I love me a drapey tee. The tank versions are pretty cute, too. Lots of great options in this pattern. I really like the shape of the Santa Fe top! It reminds me a bit of the Hot Patterns Shirt Tail Tee, shapewise, but swingier, with a wider neckline, and with some different design elements that I dig. The top is perfectly breezy for Bangkok's hot weather. And it doesn't cling to my mid-section, hooray!
The Santa Fe top pattern was so nice that I made it thrice. And I'll probably make more in the future, maybe one of the tank versions! Here are my three versions, all tees, all pretty great.
Santa Fe #1:
This is my wearable muslin of the Santa Fe top. I made view F. I think the triangular, raglan-esque insets on the sides are really cool.
The bodice is made from some paint-spattered, striped fabric I got as part of a novelty stripes bundle from the Imagine Gnats shop (affiliate link). Fairly thin, but obviously lots of drape. The sleeves and neck binding are cut from scraps of Laguna jersey from another project. Although the Santa Fe calls for a super drapey, non-cotton knit for the top, I thought the relatively less drapey knit would be fine for the sleeves. I was right! It worked out pretty well! I'd say it's most important to have the bodice part made from a fabric with lots of drape.
I left the top unhemmed because I knew this knit would be a headache to hem... I just used a little bit of Fray Check on the ends of each seam to ensure the serger threads didn't unravel.
I went with the size that corresponded with my measurements, an XL. Perhaps I could go down a size, but I'm not unhappy with this one, so I didn't.
Not quite sure I aced the point where the triangular insets meet under the arm. I think I know why, though: I tried to press my seam allowances upwards toward the thicker, darker fabric. I think they should be pressed downwards, really. Now it's a little bit bumpy and not lined up in that area. But again, something most people wouldn't notice. I'll get it right on the next one!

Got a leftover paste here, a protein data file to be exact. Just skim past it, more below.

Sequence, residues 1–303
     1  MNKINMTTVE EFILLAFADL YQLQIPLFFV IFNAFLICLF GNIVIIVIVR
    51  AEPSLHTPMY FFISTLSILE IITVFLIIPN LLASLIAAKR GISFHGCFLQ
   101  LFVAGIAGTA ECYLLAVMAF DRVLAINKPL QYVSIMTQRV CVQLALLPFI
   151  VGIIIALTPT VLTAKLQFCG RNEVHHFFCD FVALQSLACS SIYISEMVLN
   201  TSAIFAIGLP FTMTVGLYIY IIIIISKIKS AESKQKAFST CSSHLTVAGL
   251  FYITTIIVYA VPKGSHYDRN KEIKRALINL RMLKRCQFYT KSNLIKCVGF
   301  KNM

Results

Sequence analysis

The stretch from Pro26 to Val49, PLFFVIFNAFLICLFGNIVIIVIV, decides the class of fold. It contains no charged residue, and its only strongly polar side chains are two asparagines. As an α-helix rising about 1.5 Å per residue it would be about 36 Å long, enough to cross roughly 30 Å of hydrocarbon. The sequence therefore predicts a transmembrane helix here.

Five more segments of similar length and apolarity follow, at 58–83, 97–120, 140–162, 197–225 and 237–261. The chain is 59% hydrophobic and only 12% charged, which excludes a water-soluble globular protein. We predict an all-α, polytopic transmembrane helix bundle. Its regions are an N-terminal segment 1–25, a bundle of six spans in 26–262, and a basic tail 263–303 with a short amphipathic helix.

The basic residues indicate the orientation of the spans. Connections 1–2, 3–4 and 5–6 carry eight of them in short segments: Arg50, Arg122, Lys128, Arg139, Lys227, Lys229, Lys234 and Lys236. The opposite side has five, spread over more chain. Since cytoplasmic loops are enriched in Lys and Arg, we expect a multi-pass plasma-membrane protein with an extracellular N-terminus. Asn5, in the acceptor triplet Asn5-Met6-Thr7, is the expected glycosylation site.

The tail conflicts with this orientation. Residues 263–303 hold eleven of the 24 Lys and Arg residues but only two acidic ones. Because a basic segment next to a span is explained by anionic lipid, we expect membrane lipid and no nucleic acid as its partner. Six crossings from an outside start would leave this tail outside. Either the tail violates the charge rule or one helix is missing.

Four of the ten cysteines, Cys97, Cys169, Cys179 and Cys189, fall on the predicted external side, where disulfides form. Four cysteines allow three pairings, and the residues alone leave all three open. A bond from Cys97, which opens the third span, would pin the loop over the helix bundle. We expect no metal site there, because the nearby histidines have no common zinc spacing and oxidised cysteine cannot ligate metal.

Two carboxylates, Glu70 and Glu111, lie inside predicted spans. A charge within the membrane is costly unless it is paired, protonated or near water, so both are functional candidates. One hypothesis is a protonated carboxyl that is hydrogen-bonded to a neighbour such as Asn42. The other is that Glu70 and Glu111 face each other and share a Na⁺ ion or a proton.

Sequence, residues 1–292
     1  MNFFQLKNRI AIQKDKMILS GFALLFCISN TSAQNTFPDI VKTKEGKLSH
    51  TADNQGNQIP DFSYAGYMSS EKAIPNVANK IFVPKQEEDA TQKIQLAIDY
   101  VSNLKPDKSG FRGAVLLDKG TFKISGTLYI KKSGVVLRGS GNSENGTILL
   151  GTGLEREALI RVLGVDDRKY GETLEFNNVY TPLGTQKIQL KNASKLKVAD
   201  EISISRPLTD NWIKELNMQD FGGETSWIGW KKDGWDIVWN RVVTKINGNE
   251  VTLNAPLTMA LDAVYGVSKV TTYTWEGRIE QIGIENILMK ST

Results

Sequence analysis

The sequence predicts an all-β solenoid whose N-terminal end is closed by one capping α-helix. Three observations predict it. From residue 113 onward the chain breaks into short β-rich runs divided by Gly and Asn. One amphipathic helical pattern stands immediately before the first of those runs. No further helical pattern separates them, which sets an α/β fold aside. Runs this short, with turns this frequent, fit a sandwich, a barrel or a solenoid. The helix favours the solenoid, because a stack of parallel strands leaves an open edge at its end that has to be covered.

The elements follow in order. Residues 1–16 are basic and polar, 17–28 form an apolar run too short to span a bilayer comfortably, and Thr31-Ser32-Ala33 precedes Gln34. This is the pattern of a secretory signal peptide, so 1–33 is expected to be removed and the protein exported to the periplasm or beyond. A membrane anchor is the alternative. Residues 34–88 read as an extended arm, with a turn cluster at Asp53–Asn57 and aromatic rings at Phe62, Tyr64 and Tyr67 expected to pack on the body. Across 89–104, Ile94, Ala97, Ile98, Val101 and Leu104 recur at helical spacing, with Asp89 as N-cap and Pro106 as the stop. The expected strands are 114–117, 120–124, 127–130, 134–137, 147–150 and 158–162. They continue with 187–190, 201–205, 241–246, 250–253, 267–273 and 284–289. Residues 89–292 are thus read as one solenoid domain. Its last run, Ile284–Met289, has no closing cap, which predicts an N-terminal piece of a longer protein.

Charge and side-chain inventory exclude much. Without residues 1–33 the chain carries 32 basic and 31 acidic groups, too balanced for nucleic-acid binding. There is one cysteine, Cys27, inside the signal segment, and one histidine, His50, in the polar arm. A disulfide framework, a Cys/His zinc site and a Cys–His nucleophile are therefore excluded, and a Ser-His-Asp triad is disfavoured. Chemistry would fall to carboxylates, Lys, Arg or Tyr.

Santa Fe #2:
This is view C, same size as the previous top, but cut on the fold to eliminate the center front and back seams, which makes it super quick to cut out and sew.
The fabric is some thin, slubby, eye-searingly bright neon striped cotton I got at Girl Charlee a couple years ago. A bit sheer, but, again, perfect for Santa Fe. I did a decent job stripe matching, although I had a brain fart when I cut the cuffs on the cross-grain and they didn't line up. Oh well.
The neck binding is a little bit wider than the pattern piece- I cut it the width of one of the yellow stripes. I opted not to hem this top, either, because I am lazy.
Santa Fe #3:
View C again, but with the center front and back seams.
The fabric is some burnout jersey from Girl Charlee from several years ago (you might remember that I made my sister a Plantain t-shirt out of it almost two years ago). The jersey was advertised as medium weight, but is the sheerest, lightest weight tissue knit ever. This is how I feel about sewing with tissue weight jersey. How can a fabric be simultaneously slippery and sticky?! Uuuuuuhhhhhhh. But I love the way the fabric looks, so I soldiered on. In the end, it actually works really well for the Santa Fe top.
My serged seams were super ripply until I topstitched them down on one side of the seam. I topstitched the center front and back seams as well as the shoulder seams, but not the side seams. The topstitching provides just a hint of structure that this knit needs.
I opted to skip the sleeve cuffs and hemming. This knit is a nightmare to hem and I figured the cuffs would be too floppy/saggy. I just left the ends of the sleeves raw, too. We'll see how it goes.